The words “cycle track” may be unfamiliar to most Bostonians, but the term may soon become a familiar phrase at community meetings: By 2018, city officials intend to install more than 20 miles of cycle tracks — bike lanes with physical barriers between bikes and cars — on major thoroughfares throughout Boston.
The plans for the new lanes are part of wider plan for the city’s bicycle infrastructure over the next five years. A report from the city’s bike and transportation departments, expected to be released Friday, includes 100 new miles of bike pathways in the city.
The plan is not set in stone: The next mayor of Boston could decide not to fund the street construction projects and residents opposed to changes to their neighborhood streets will get their say.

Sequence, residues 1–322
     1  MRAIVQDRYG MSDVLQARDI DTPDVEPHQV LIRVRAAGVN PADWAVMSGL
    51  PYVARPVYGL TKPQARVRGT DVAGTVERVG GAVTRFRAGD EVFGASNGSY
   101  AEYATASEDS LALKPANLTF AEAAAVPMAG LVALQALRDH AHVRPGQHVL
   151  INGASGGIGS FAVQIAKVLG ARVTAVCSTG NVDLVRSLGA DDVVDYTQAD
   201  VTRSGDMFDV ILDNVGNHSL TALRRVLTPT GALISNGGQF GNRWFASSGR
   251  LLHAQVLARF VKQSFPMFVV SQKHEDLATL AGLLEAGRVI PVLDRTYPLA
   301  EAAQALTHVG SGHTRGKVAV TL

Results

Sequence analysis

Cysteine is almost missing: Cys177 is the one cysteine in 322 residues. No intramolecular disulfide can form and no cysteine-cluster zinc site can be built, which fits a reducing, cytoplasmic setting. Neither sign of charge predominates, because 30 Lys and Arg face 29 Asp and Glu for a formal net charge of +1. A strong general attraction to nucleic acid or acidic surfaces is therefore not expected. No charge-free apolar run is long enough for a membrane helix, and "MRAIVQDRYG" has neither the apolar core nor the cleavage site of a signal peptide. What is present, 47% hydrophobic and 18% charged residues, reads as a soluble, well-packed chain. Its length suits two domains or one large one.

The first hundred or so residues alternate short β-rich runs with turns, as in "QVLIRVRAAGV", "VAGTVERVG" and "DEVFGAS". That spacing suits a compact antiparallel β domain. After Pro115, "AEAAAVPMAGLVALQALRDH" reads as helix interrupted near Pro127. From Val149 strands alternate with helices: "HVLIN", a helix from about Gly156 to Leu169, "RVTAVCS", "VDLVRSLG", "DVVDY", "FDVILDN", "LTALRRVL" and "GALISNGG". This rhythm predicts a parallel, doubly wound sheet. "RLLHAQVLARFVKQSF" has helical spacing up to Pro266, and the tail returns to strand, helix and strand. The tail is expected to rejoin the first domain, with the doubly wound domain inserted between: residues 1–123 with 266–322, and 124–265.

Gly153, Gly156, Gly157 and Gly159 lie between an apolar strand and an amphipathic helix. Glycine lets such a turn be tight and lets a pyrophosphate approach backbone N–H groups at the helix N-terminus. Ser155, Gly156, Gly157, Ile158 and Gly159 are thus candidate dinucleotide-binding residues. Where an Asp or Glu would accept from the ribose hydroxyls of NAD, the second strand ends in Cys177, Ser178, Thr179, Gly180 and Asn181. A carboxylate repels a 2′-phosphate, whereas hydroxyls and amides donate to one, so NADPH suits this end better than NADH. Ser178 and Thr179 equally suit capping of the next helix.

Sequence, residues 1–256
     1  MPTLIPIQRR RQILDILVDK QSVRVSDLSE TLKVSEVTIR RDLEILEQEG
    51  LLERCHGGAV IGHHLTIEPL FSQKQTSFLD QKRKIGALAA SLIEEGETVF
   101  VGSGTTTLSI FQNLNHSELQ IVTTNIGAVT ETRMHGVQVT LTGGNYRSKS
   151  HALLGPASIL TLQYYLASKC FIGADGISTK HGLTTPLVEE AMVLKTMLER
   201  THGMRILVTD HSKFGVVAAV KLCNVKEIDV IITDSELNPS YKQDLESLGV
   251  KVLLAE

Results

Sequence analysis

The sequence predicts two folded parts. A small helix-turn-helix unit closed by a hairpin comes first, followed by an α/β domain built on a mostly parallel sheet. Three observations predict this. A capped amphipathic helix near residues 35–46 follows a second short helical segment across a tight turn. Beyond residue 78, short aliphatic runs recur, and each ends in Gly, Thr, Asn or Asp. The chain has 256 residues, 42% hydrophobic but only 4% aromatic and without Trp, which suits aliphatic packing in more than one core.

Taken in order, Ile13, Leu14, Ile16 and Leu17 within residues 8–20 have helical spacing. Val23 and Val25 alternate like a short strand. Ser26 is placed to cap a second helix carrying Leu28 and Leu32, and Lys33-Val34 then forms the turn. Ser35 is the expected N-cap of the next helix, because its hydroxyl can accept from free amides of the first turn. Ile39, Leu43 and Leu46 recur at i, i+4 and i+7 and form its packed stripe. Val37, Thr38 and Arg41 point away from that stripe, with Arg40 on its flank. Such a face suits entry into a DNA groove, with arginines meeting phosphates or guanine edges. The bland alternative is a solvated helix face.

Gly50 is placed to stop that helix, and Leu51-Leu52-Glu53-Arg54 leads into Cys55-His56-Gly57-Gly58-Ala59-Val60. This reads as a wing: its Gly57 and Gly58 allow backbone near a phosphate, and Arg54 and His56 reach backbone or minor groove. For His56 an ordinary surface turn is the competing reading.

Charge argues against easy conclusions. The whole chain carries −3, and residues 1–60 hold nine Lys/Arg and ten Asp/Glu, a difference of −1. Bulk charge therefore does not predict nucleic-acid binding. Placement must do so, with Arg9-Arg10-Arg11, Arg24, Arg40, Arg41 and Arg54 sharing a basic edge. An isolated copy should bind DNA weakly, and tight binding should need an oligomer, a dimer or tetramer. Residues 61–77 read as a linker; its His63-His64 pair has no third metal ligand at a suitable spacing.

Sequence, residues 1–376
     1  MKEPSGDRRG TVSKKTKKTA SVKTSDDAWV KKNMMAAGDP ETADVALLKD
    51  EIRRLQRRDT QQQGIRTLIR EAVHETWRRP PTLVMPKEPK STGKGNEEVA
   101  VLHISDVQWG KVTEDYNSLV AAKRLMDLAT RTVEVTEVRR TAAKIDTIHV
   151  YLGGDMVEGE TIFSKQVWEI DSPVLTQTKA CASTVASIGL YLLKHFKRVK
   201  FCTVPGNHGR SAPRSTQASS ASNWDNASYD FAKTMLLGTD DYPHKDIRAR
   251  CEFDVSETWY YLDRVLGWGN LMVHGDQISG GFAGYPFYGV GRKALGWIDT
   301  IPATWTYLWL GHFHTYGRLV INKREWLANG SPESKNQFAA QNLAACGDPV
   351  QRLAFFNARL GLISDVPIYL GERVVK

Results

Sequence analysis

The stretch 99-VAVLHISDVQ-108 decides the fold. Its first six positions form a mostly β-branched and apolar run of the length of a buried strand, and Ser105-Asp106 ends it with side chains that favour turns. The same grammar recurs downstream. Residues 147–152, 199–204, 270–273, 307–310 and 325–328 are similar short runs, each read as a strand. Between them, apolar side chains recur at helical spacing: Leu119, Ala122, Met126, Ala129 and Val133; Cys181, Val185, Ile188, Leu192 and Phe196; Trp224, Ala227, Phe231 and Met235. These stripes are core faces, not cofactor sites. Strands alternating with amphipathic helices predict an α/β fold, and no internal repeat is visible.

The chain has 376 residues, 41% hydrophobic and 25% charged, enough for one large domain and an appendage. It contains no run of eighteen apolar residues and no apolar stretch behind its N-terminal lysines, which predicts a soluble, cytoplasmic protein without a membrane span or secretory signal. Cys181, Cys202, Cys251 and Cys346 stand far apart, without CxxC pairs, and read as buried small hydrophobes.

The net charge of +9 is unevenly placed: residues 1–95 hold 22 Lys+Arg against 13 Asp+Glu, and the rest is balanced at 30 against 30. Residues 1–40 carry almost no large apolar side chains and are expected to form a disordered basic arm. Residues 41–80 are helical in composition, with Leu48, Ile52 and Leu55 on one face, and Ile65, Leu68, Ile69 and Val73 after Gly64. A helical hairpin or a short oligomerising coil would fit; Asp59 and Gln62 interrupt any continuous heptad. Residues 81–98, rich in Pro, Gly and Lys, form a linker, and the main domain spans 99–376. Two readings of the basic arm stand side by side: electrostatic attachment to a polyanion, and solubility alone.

Up to this point, the installation of bike facilities in Boston has been piecemeal, creating unconnected stretches of bike lanes scattered throughout the city. The plan to be released Friday represents a new approach that will provide uninterrupted stretches of safe roadway from residential areas to business centers, said Nicole Freedman, director of Boston Bikes, the city’s bike department.
“When you look at a world-class bicycling city now, where 10 to 30 percent of trips are made by bike, you need a very well-thought-out, smart strategy to get there,” Freedman said. With the bike network plan, she continued, “we’re in a much better position to accomplish those aggressive goals.”
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